Open Access

Phlebotomus (Euphlebotomus) barguesae n. sp. from Thailand (Diptera – Psychodidae)

Parasites & Vectors20092:5

DOI: 10.1186/1756-3305-2-5

Received: 23 October 2008

Accepted: 08 January 2009

Published: 08 January 2009

Abstract

Background

A few studies have been carried out on the Phlebotomine sandflies from Thailand. Within the Phlebotomine sandflies, the genus Phlebotomus Rondani & Berté, 1840 contains the vectors of leishmaniases in Europe, Africa and Asia. It includes several subgenera. Among them the subgenus Euphlebotomus Theodor, 1948 contains at the present time 12 taxa. The type-species of this subgenus is P. argentipes Annandale & Brunetti, 1908, the vector of Leishmania donovani (Laveran & Mesnil, 1903) in India.

Results

A new species of sandfly, P. barguesae n. sp. is described from limestone caves in Thailand. The male-female gathering in the same species is based on ecological, morphological and molecular criteria (homology of mtDNA cytochrome c oxidase I sequences). The inclusion of P. barguesae n. sp. in the subgenus Euphlebotomus is justified on the basis of characters of the male genitalia (five spines on the style, bifurcated paramere, and no basal lobe on the coxite) and of female pharyngeal armature (two kinds of teeth). It well differenciated from another sympatric species: P. mascomai.

Conclusion

The new species described in the present study has smooth spermathecae. This original morphology opens a discussion on the heterogeneity of this subgenus.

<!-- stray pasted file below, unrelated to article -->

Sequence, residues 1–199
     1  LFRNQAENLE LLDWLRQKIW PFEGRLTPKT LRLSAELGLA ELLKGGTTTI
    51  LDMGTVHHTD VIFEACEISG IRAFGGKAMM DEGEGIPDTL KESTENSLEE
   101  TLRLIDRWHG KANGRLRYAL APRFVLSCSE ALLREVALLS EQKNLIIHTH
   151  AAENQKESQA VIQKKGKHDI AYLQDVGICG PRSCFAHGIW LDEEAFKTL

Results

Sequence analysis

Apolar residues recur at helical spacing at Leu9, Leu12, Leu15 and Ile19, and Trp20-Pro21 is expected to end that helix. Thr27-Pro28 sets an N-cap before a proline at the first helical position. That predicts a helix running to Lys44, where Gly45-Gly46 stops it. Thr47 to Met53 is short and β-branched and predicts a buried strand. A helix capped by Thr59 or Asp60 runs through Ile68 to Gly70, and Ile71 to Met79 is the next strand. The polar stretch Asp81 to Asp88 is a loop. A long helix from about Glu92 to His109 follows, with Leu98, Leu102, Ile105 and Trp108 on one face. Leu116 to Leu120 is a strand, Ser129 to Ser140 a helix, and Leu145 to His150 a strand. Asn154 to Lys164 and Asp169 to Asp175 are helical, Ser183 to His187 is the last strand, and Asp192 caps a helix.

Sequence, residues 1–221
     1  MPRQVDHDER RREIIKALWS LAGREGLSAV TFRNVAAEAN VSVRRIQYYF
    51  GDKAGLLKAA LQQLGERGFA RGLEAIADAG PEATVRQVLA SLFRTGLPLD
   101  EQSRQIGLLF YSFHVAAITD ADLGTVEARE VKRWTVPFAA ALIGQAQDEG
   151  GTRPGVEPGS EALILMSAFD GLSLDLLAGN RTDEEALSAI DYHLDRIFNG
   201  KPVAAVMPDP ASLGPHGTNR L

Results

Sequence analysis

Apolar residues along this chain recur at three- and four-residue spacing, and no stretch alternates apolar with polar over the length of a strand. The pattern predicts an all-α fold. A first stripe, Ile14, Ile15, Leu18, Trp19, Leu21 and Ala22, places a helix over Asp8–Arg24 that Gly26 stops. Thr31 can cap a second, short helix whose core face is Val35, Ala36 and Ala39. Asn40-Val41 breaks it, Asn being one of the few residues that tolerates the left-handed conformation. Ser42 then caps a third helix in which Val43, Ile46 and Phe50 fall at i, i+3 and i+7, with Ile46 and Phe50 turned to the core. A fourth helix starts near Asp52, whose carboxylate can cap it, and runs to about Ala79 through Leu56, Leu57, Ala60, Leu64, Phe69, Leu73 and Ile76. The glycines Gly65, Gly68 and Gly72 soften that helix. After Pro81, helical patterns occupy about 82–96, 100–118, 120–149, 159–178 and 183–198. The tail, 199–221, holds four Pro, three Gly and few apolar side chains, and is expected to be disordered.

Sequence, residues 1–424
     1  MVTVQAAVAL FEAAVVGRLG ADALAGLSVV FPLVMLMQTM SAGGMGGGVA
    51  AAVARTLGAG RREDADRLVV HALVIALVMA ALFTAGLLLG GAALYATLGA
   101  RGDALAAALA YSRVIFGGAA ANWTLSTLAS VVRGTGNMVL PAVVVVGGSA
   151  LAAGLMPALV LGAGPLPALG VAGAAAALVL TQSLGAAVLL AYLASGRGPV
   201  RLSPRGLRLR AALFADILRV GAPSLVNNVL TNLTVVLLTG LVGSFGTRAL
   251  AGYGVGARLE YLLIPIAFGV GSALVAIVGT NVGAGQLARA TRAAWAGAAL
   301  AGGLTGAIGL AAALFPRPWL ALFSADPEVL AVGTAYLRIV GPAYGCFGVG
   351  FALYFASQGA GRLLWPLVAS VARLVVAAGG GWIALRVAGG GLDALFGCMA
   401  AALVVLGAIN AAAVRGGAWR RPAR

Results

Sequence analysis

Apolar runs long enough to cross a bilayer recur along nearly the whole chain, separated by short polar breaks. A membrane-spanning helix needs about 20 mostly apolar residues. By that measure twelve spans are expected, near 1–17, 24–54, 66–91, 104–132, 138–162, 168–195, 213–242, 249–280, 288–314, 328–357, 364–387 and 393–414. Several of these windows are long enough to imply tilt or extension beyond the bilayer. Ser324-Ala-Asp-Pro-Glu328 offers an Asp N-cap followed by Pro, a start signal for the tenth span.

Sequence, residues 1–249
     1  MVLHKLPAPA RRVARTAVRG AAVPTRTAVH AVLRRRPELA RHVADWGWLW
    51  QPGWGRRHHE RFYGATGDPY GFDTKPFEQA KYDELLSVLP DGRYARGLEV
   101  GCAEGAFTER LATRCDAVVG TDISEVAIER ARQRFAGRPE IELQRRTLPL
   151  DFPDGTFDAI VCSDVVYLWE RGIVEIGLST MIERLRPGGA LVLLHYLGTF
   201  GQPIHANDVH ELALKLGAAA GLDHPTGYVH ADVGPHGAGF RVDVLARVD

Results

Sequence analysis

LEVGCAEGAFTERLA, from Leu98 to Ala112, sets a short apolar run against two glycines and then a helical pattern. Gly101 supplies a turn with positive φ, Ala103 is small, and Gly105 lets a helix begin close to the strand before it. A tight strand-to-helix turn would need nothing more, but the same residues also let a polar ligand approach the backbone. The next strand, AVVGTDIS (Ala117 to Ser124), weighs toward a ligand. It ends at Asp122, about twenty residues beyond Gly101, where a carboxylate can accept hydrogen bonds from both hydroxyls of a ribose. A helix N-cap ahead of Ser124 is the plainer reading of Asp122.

Background

Species of phlebotomine sandflies recorded in Thailand belong to the genera Phlebotomus Rondani & Berté, 1840, Idiophlebotomus Quate & Fairchild, 1961, Chinius Leng, 1987 and Sergentomyia França & Parrot, 1920 [15]. Three of them belong to the subgenus Euphlebotomus Theodor, 1948: Phlebotomus argentipes Annandale & Brunetti, 1908, the main vector of Leishmania donovani (Laveran & Mesnil, 1903) in India, P. philippinensis gouldi Lewis, 1978, found in the rain forest of Thailand, and P. mascomai Muller, Depaquit & Léger, 2007, from limestone caves.

Methods

Type locality

Thailand, province of Ratchaburi, district of Muang, sub-district of Huay Phai, inside the cave "Khao Tham Khun Chom" (13°48'85,6"N et 99°70'35,7"E). Altitude: 35 m. above sea level.

All the specimens were caught in July 2004 and February 2005 (Barbazan recoltavit) by CDC miniature light traps between 5 p.m. and 9 a.m. They were kept in 96° ethanol, and mounted in toto for morphological study according to Abonnenc's method [6]: 4–8 hours in 10% KOH solution followed by eight baths (20 minutes each) in water, then at least 1 hour in Berlese's medium. Females were directly mounted in this liquid with their spermathecae dissected, then re-mounted in chloral gum when possible. Some males were dehydrated in ethanol of growing concentrations (from 70% to absolute ethanol) then in beech creosote and finally mounted in Canada balsam.